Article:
Not that long ago, people without access to publication (newspapers, magazines, books) would never have a chance to be heard. These days, blogging and social media let “lots of different marginalized groups” share their stories, according to Canadian blogger Anne Theriault.
The Toronto-based writer tackles some difficult subjects on her website, The Belle Jar. The toughest one was her first essay on postpartum depression, because she hadn’t done mental-health posts before.
Although worried about the potential reaction, she found – and continues to find – that posts about mental health issues get tremendous positive feedback.
“Allowing myself to be vulnerable creates a safe space for other people to be vulnerable,” Theriault said in an interview on WordPress Discover.
Think about that for a minute. About how putting yourself out there – being real, being honest – can make a difference in someone else’s life.
Your words can be the lifeline to someone on a day he desperately needs it. Your readers may seek help, start over, demand parity, put up with less or create art of his own because of something you wrote.
The hardest writing I’ve ever done was intensely personal. Topics like my long-term abusive marriage, my daughter’s near-fatal illness and subsequent disability, and my feeling of invisibility were painful to examine and exhausting to write. Yet these pieces opened up new pathways in my head and heart and new relationships with readers, some of whom responded through virtual tears with their own stories.
Other points of view
Not that the themes are always painful. Some have been quite positive, such as returning to college in my late 40s, finding love at midlife and taking a pay cut to have more time for what really matters. Yet these articles also encouraged readers to talk about their own lives and, sometimes, offer advice to one another in the comments section.
The Internet isn’t just about celebrities and cats. Blogging can be a marvelous way to introduce others to the experiences of those marginalized groups, or a way to expose sheltered people to other points of view. I call this the “not everyone looks like you” school of writing.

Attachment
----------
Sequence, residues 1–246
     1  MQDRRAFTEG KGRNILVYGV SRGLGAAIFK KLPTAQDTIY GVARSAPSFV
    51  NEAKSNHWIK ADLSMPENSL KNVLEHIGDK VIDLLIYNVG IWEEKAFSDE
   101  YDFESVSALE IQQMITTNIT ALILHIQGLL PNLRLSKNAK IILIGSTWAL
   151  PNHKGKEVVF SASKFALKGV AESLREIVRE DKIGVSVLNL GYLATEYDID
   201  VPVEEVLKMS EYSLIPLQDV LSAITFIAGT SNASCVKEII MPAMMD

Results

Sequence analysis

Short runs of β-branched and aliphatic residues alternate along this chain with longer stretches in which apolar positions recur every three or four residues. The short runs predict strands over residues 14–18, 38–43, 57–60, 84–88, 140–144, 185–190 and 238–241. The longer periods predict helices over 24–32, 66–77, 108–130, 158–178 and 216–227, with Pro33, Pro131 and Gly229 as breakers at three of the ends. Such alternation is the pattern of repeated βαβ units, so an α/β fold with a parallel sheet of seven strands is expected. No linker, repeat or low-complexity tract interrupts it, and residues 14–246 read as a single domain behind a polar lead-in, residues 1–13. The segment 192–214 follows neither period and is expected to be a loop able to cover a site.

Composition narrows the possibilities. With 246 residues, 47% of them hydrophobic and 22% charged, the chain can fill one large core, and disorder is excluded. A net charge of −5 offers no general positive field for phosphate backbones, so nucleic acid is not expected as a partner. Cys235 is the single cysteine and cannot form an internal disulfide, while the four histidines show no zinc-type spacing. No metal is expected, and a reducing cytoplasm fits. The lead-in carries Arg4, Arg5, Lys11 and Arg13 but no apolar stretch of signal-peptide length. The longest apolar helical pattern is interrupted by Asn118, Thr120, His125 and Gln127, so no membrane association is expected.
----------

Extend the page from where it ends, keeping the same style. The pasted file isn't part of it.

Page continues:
My daughter, for example, writes about disability and money – or, as she calls it, “frugality in an imperfect world.” She started her site, I Pick Up Pennies, because so much of the advice from money blogs wasn’t helpful. “Cut back on lattes” and “Sell all that extra stuff you bought” just didn’t work for her as a disabled woman who rarely left the house and didn’t have anything left to put on Craigslist.
Abby regularly writes about frugal hacks, budgeting tips and the like. Her real strength, I think, is her willingness to put it all out there a la Theriault. The more open and honest she is, the more her readers respond.
Incidentally, only a few of those subscribers self-report as disabled or experiencing chronic illnesses. The majority are able-bodied folks trying to get by in a society that assumes a level playing field exists. (Hint: It doesn’t.)
A little nudge
What stories do you want to tell the world, and how are you preparing to tell them? Are you ready to produce clear, focused, compelling words that can change people’s lives?
If you plan to start a site but are waiting for the right time, let me ask: How do you define the “right” time?
Obviously if you’ve got a full-time job and a family and are attending night school, then blogging should wait. But what you probably mean by “the right time” is, the morning I wake up with the Muse standing by my bed with a computer and a long list of topics.
Oh, I understand completely: I kept waiting for the right time, too. My personal website might never have been created without a kick in the pants from someone I didn’t even know. After interviewing a guy for an article we chatted about writing.
When I mentioned wanting a blog someday he replied, “What’s wrong with right now?” I mumbled something about not being good with technology. He offered to have his IT guy set up a basic site.
I thought about it and then e-mailed, “Were you serious about helping me start a blog?”
He was. So I did.
Sometimes people need a little nudge. I’m grateful every day that I allowed myself to be pushed encouraged almost six years ago.
A leap of faith
Consider this my nudge to you: Think about what’s holding you back from being the best writer you can be, whether that’s starting a blog or improving one you already have.
Then feel free to contact me at SurvivingAndThriving (at) live (dot) com. I’ll answer your question(s) and, if applicable, include advice/tips from my online writing course.
Obviously I’d love for you to take that course. But I’d also like to get you started as a writer. If you can’t afford to take the class right now, you can still get your feet wet as a blogger: My buddy Grayson Bell will set up a WordPress blog for you for free.
As for the cost: If you want to become a better blogger, or to start out with a solid grasp of technique and self-care tactics, education is a cost of doing business. A one-time fee gets you 30+ years of professional writing expertise. (Besides, I always have at least one discount code out there; here’s one now, good for 25 percent off.)
The only person who can get your blog going is you, and you may have to make a leap of faith to do it. Go ahead and jump.